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In order for the FLSA to apply there must be an employment relationship between an employer and an employee. An employee, as distinguished from a person who is engaged in a business of his or her own, is one who, as a matter of economic reality, follows the usual path of an employee and is dependent on the business which he or she serves. There are exemptions. Some employees are exempt from the overtime pay provisions, some from both the minimum wage and overtime pay provisions and some from the child labor provisions. Exemptions are narrowly construed against the employer asserting them. Therefore, employers and employees should always closely check the exact terms and conditions of an exemption in light of the employee`s actual duties before assuming that the exemption might apply.
The Fair Labor Standards Act (FLSA) sets minimum wage, overtime pay, equal pay, record keeping requirements and child labor standards. As of December 2000, workers covered by the FLSA are entitled to the minimum wage of $5.15 per hour and overtime pay at time and onehalf rate of pay after 40 hours of work in a workweek. States can set minimum wages higher for their state, but not lower. Various minimum wage exceptions apply under specific circumstances.
For covered, nonexempt employees, the FLSA requires overtime pay at a rate of not less than one and onehalf times an employee's regular rate of pay after 40 hours of work in a workweek. Some exceptions to the 40 hours per week standard apply under special circumstances to police officers and fire fighters employed by public agencies and to employees of hospitals and nursing homes.
Some states have also enacted overtime laws. Where an employee is subject to both the state and Federal overtime laws, the employee is entitled to overtime according to the higher standard (i.e., the standard that will provide the higher rate of pay).
Extra pay for working weekends or nights is a matter of agreement between the employer and the employee (or the employee's representative). The FLSA does not require extra pay for weekend or night work. However, the FLSA does require that covered, nonexempt workers be paid not less than time and onehalf the employee's regular rate for time worked over 40 hours in a workweek.
The FLSA does not require breaks or meal periods be given to workers. Some states may have requirements for breaks or meal periods. If you work in a state which does not require breaks or meal periods, these benefits are a matter of agreement between the employer and the employee (or the employee's representative).
The FLSA has no provisions regarding the scheduling of employees, with the exception of certain child labor provisions. Therefore, an employer may change an employee's work hours without giving prior notice or obtaining the employee's consent (unless otherwise subject to a prior agreement between the employer and employee or the employee's representative).
The FLSA has no requirement for notice to an employee prior to termination or layoff. In some situations, the WARN Act provides for notice to workers prior to layoff. Some states may have requirements for employee notification prior to termination or layoff.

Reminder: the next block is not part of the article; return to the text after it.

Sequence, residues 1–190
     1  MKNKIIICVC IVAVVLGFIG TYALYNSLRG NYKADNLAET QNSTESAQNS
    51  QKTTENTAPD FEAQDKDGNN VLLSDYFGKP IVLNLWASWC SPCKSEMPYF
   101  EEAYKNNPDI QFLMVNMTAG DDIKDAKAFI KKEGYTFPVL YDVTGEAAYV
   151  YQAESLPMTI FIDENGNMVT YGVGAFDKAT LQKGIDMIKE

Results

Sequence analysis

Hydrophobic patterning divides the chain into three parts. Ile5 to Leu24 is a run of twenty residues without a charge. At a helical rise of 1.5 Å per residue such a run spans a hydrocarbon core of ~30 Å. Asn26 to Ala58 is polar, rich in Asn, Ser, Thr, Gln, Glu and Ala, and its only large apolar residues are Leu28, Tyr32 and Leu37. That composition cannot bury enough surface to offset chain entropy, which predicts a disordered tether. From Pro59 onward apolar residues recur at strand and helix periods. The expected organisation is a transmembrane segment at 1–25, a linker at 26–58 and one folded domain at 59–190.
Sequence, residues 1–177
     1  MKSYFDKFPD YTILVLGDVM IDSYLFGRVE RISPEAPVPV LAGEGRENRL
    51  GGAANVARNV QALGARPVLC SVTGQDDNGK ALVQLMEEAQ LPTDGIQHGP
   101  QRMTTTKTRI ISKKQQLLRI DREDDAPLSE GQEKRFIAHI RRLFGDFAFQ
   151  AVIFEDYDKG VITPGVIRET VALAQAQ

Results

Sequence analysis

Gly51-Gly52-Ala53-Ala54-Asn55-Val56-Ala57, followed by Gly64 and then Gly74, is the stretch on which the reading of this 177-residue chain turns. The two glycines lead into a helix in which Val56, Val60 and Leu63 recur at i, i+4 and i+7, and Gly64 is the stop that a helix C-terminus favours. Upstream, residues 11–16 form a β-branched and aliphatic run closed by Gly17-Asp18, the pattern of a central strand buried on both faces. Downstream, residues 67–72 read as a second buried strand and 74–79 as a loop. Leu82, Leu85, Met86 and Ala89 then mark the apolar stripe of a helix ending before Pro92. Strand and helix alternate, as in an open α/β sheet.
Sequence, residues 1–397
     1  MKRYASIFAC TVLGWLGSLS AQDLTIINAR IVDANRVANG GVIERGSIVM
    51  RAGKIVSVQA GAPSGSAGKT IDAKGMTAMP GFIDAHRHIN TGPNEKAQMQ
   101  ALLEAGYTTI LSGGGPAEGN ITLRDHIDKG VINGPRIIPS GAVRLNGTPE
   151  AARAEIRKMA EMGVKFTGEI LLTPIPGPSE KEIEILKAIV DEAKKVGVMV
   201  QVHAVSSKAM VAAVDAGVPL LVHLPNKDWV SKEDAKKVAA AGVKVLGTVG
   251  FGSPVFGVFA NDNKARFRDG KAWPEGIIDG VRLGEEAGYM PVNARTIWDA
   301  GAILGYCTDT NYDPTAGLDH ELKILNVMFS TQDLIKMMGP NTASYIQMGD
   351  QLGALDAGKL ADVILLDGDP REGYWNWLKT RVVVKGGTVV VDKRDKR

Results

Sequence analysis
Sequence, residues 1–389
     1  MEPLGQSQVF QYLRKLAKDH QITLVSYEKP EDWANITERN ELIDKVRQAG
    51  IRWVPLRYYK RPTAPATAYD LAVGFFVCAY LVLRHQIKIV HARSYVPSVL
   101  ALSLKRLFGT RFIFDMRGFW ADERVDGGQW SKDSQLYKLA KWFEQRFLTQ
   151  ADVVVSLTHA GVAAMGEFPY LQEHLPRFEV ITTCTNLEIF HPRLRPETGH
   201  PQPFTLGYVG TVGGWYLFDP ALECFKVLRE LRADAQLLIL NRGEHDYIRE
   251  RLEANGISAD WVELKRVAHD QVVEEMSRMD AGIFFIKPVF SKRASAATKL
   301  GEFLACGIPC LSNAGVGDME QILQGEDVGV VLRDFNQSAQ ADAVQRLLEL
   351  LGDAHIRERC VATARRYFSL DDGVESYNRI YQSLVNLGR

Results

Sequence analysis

The FLSA does not define fulltime employment or parttime employment. This is a matter generally to be determined by the employer. Whether an employee is considered fulltime or parttime does not change the application of the FLSA.
Pay raises are generally a matter of agreement between an employer and employee (or the employee's representative). Pay raises to amounts above the Federal minimum wage are not required by the FLSA.
The FLSA does require that employers keep accurate records of hours worked and wages paid to employees. However, the FLSA does not require an employer to provide employees pay stubs.
The FLSA does not limit the number of hours per day or per week that employees aged 16 years and older can be required to work.
The FLSA does not require performance evaluations. Performance evaluations are generally a matter of agreement between an employer and employee (or the employee's representative).
The FLSA has no requirement for double time pay. This is a matter of agreement between an employer and employee (or the employee's representative).
With the exception of certain federal employees, the administration and enforcement of the FLSA is the responsibility of the Department of Labor`s Wage and Hour Division of the Employment Standards Administration (ESA). The FLSA can be enforced by private employee lawsuits or by actions taken by the Department of Labor. The Department of Labor can also seek injunctive relief. Should an employer lose a case in court, employees generally collect back pay and liquidated damages in the amount of back pay (double damages). Attorney fees are also recoverable. Ignorance of the law is no defense for employers. There is a twoyear statute of limitations. There is a threeyear limit if a willful violation.
This article is intended to be helpful and informative. But even common legal matters can become complex and stressful. A qualified fair labor standards act (flsa) lawyer can address your particular legal needs, explain the law, and represent you in court. Take the first step now and contact a local fair labor standards act (flsa) attorney to discuss your specific legal situation.